The counselor had told them that I had cheated at the tree lesson, which was a punishable offence. When asked how he knew I had cheated, the counselor told them that no one had ever gotten all the trees correct and told them about me calling them “uncle” and “auntie”. 

My father burst out laughing before my mother could explain; her parents had named all their children after trees, and they had taught all the kids the different types of trees! I didn’t cheat. I knew them because my aunts and uncles had taught me about their namesakes when I was little! 

The counselor blushed and apologized.

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Dan’s About To Move To Albuquerque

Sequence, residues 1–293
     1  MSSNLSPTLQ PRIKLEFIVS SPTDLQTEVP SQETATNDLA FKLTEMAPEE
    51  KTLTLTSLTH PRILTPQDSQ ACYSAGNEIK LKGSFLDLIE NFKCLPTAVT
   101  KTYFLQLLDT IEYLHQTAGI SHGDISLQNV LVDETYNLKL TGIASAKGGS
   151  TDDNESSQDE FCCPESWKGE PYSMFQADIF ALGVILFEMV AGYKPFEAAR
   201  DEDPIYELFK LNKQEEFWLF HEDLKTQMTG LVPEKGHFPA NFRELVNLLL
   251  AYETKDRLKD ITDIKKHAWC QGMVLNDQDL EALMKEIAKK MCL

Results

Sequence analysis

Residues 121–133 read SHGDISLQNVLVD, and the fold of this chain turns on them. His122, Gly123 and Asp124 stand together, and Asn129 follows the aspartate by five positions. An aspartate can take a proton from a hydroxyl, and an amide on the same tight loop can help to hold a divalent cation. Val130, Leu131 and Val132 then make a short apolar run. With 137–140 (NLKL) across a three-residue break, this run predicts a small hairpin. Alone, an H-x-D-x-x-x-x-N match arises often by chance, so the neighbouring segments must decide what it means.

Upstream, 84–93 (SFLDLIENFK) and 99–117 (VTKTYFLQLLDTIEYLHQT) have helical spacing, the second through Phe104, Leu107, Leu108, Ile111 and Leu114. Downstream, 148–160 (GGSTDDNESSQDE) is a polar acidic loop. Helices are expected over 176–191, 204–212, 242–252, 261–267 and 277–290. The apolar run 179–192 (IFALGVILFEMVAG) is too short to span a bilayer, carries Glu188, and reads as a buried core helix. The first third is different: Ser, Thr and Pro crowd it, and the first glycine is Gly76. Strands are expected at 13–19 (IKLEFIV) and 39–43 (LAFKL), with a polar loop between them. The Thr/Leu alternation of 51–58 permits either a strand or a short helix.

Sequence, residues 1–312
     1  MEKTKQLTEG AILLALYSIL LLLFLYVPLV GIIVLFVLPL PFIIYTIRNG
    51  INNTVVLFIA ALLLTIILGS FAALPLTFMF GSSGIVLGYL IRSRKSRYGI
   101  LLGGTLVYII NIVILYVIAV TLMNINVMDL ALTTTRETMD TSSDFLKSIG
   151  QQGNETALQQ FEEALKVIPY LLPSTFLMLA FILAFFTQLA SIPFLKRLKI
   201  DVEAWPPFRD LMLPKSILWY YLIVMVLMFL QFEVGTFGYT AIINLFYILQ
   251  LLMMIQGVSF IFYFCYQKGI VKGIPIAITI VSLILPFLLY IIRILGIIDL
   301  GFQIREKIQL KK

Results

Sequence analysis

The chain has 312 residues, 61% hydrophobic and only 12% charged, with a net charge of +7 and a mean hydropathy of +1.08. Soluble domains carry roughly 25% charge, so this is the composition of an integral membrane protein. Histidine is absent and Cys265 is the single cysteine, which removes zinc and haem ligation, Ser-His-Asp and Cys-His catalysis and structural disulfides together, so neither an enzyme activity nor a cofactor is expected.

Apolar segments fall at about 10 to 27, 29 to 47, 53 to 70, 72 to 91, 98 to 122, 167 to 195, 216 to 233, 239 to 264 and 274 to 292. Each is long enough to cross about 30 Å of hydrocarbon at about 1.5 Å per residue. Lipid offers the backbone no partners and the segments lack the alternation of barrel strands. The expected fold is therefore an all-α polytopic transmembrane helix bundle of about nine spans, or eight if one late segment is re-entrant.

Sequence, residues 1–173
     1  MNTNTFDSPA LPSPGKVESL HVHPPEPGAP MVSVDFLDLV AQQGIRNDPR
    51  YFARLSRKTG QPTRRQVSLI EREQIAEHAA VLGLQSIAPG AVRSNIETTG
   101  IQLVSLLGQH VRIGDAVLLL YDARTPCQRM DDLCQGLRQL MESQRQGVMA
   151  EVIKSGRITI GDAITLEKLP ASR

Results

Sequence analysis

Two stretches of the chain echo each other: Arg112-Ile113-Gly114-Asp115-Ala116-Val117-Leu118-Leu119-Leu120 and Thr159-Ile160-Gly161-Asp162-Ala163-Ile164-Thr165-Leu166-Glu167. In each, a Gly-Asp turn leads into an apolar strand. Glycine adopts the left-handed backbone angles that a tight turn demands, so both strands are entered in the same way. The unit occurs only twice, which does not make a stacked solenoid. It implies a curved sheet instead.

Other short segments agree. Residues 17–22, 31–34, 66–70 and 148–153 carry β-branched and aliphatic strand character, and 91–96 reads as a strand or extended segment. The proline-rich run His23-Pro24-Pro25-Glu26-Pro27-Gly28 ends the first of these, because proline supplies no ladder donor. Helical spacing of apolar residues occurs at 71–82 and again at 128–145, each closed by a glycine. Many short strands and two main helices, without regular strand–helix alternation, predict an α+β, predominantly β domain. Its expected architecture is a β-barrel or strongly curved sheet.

, , , , , , | Working | April 18, 2020

(My husband and I go to Disneyworld to celebrate our tenth wedding anniversary and paying off our house. This is about a month after “Weird” Al Yankovic released a new album with a song titled “Skipper Dan.” For those not familiar with the song, it’s about a failed actor working the Jungle Cruise Ride at Disneyland.

We get in line at said attraction. As we are waiting for the next free boat to come up, I glance at the nametag of the cast member helping load the boat. Lo and behold, the nametag says “Dan.”)

Me: “Is your name really Dan?”

(He nods sadly.)

Me: “Have people been asking about the Weird Al song?” 

(He nods sadly again.)

Me: “You poor b******.” 

(He smiles with another sad nod. We get on the next boat and our enthusiastic ride operator goes through his opening spiel…)

Operator: “…and on the deck is our own Skipper Dan of Weird Al fame. Hi, Skipper Dan!” 

(Skipper Dan slumped his shoulders and waved. I don’t know if that was an act or not, but know that all us working stiffs are with you, Skipper Dan. Salute.)